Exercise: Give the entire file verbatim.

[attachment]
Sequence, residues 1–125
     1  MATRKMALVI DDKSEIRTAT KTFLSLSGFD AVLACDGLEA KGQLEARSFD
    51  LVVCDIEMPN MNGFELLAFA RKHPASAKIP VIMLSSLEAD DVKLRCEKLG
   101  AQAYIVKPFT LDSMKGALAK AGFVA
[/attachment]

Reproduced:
Sequence, residues 1–125
     1  MATRKMALVI DDKSEIRTAT KTFLSLSGFD AVLACDGLEA KGQLEARSFD
    51  LVVCDIEMPN MNGFELLAFA RKHPASAKIP VIMLSSLEAD DVKLRCEKLG
   101  AQAYIVKPFT LDSMKGALAK AGFVA